A nice picture of a Rover Metro, showing the possibilities for customising. Custom cars lead to show cars and show cars are the production models of the future.
was a (supermini) British economy car that was produced by the Austin Rover Group division of British Leyland and its successors. It was launched in 1980 as the Austin miniMetro. It was intended to complement the Mini, and was developed under the codename LC8.
The Metro 6R4 rally car takes styling to the extreme - and don't we just love extremes. This brute of a car had handling difficulties but became an instant hit despite not having a class to race in by the time it was coming on stream.
At the end of 1987, the Austin marque was shelved. The Austin badge was removed from the cars, which continued to be manufactured with no marque badge, just a model name badge. Rover management never allowed Rover badges on the Montego or the Maestro in their home market, although they were sometimes referred to as "Rovers" in the press and elsewhere. They wore badges that were the same shape as the Rover longship badge, but which did not say "Rover". The Metro did too until May 1990, when it was officially relaunched as the Rover Metro, heavily revised and fitted with a new range of engines.
A mockup could be seen at the Canley, Coventry design centre in the 1990s during open days. It appeared as a 'Scoop' photo on the front cover of CAR magazine in the mid-1980s. Project R6, as it became known would be a more modest update of the 1980 car – the basic bodyshell was retained, but was improved with the addition of new plastic front and rear bumpers, new front wings, new rear lights and
boot-lid, new front headlamps and bonnet. The interior was altered with a new rounded instrument binnacle and instruments, new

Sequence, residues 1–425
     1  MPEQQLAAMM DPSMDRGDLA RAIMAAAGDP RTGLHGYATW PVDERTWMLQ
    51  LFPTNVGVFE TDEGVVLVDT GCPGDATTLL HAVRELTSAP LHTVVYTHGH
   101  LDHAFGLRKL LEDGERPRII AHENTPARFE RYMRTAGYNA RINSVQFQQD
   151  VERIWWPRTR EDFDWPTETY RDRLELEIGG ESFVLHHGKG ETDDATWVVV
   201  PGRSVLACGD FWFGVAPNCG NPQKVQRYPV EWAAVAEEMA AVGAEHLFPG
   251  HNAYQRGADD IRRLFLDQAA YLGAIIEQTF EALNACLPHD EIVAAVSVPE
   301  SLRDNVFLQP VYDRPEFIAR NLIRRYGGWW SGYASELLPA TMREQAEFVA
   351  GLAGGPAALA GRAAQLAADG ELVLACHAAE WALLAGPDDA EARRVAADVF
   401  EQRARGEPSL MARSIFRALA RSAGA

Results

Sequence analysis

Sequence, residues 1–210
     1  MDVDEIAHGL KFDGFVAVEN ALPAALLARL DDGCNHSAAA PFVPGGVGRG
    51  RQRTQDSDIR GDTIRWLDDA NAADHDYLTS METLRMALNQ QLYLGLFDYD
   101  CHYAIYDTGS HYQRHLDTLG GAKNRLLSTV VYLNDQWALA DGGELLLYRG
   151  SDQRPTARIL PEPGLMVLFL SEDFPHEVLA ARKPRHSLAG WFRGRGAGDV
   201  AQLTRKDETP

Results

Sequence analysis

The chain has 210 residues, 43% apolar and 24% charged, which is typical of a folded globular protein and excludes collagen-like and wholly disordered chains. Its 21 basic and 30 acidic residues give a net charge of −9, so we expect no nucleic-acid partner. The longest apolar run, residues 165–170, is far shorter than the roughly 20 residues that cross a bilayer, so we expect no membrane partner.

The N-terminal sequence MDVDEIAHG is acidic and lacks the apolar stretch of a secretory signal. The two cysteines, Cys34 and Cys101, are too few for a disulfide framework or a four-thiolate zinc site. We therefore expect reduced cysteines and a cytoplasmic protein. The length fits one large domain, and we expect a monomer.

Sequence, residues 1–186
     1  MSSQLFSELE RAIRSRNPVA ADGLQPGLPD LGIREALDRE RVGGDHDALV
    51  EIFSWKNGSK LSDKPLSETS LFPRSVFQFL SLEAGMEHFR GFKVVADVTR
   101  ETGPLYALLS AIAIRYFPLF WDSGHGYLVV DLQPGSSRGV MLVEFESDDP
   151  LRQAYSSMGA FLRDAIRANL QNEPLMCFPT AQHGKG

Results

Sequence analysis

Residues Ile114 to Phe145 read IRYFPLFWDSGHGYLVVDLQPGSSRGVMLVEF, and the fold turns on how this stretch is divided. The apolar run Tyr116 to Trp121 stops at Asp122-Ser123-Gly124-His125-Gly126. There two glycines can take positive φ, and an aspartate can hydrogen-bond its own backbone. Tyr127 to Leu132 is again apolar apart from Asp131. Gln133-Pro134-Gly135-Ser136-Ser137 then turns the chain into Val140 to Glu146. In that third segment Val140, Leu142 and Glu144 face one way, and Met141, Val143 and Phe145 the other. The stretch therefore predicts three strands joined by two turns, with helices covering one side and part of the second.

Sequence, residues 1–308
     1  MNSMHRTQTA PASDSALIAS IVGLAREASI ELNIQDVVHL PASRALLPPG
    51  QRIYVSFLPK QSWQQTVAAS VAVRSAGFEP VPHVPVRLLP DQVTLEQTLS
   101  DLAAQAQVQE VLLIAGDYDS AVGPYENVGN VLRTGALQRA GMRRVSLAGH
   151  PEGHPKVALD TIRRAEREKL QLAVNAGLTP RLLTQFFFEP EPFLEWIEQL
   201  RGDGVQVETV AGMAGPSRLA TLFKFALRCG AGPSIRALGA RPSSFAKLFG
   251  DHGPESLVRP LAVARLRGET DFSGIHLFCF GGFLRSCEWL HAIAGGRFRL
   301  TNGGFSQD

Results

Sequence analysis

steering wheel, new seats (from the successful Rover 200 series), new door casings and other detail improvements. General build quality, fit and finish was improved enormously from the old Metro and went on to win What Car? "Car of The Year" in 1991.
Dr Alex Moulton
Alexander Eric ("Alex") Moulton CBE, FREng (9 April 1920 – 9 December 2012) was an English engineer and inventor, specialising in suspension design.
The combination of conical rubber springs and small wheels was one of the many innovative developments that allowed Issigonis to achieve the Mini's small overall size. This was later refined into the hydrolastic and hydragas suspension systems used on later British Leyland cars such as the Austin Maxi, Austin Allegro and Rover Metro, and most recently on the MGF.
Alex Moulton with his most famous designs, the Moulton cycle with full rubber suspension and the Mini's rubber cone suspension.
Dr Moulton founded his own company, Moulton Developments Ltd, in 1956 and worked closely with the British Motor Corporation (BMC) for many years, developing automobile suspension systems. Famously, these included the rubber suspensions systems for the Mini and the Hydrolastic systems for the Austin 1100/1300 and other BMC and British Leyland models. Later, he was responsible for the Hydrogas system, which was developed for the Austin Allegro car and is still in use on the Rover 100 series and the MGF.